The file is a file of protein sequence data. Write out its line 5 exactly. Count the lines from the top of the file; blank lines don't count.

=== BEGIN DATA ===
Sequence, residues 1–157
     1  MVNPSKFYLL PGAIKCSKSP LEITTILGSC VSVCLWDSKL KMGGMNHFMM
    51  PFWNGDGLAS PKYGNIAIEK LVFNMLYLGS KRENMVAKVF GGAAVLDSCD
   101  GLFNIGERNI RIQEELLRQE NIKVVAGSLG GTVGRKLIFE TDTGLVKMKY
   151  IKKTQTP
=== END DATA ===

   151  IKKTQTP